• H01L29/02Semiconductor bodies ; Multistep manufacturing processes therefor
    • H01L29/12Semiconductor bodies ; Multistep manufacturing processes therefor characterised by the materials of which they are formed
    • H01L29/15Structures with periodic or quasi periodic potential variation, e.g. multiple quantum wells, superlattices

Abstract

Growth of thermoelectric materials in the form of quantum well superlattices on three-dimensionally structured substrates provide the means to achieve high conversion efficiency of the thermoelectric module combined with inexpensiveness of fabrication and compatibility with large scale production. Thermoelectric devices utilizing thermoelectric materials in the form of quantum well semiconductor superlattices grown on three-dimensionally structured substrates provide improved thermoelectric characteristics that can be used for power generation, cooling and other applications.

Description

STATEMENT REGARDING FEDERALLY SPONSORED RESEARCH OR DEVELOPMENT

The invention titled “High Efficiency Thermoelectric Materials and Devices” was made with Government (NASA) support and the Government (NASA) has certain rights in this invention.

CROSS-REFERENCES TO RELATED APPLICATIONS

Not applicable.

FIELD OF THE INVENTION

The present invention relates to thermoelectric materials and devices, method of fabrication of thermoelectric materials and devices and applications of the same as coolers, heaters and power converters. In more detail, the present invention is related to three-dimensionally structured thermoelectric materials utilizing enhanced thermoelectric properties in quantum-size structures, such as quantum wells, quantum wires or quantum dots, and method of fabrication of said material by depositing the enhanced-performance thermoelectric layers on three-dimensionally structured templates. The thermoelectric materials of the present invention will improve the cooling/heating or conversion efficiency of thermoelectric materials and will improve the performance of thermoelectric devices.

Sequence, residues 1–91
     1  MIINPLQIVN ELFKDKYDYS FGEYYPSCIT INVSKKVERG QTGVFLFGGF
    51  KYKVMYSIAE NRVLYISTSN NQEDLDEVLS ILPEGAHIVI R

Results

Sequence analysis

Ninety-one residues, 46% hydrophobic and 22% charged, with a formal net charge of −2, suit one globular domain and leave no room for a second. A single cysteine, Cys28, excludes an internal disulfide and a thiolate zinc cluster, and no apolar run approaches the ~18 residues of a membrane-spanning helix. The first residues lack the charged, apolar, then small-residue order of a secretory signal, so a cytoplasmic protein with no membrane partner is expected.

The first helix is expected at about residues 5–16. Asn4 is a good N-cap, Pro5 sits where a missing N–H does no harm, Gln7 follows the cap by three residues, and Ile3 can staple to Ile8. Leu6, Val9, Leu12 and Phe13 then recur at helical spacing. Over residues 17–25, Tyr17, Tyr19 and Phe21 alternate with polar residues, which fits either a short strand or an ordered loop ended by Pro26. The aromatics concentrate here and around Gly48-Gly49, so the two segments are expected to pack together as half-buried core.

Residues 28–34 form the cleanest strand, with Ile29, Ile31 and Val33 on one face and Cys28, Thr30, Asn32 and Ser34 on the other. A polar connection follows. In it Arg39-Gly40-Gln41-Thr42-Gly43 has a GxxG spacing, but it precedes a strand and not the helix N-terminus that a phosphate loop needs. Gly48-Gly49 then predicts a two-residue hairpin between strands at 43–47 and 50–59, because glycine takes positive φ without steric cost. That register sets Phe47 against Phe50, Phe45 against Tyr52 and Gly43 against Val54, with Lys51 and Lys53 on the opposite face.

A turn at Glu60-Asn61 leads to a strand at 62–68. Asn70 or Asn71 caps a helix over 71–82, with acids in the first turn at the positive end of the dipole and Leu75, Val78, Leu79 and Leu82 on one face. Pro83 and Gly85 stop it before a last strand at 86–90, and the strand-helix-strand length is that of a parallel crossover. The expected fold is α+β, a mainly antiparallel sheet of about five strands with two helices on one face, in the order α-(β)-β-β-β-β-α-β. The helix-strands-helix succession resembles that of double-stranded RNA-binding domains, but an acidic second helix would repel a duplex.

BACKGROUND OF THE INVENTION

Thermoelectric (TE) devices are used in a wide range of commercial, military and aerospace applications. For a nonlimiting example, applications of TE materials in NASA missions are important due to high premium of power generation in such missions to convert waste heat from turbine engines, hot sides of aircraft etc. into electric energy. Radioisotope thermoelectric generators (RTGs) were used by NASA in 25 U.S. missions (including Apollo missions to the Moon, the Viking missions to Mars, and the Pioneer, Voyager, Ulysses, Galileo, and Cassini missions to the outer solar system) since 196. However, at present commercially available TE devices typically offer limited heat to electricity conversion efficiencies, well below the fundamental thermodynamic (Carnot) limit due to limited Figure of Merit, ZT of thermoelectric materials:
ZT=S 2 σT/κ,

where S, σ, T, and κ=κep are, respectively, the Seebeck coefficient, electrical conductivity, temperature, and thermal conductivity consisting from electron and phonon parts [H. J. Goldsmid, Thermoelectric Refrigeration, Plenum Press, New York 1964].

The ZT of the material is related to the efficiency of the TE device as:

η = γ ( 1 + ZT ) 1 / 2 - 1 ( 1 + ZT ) 1 / 2 + T hot / T cold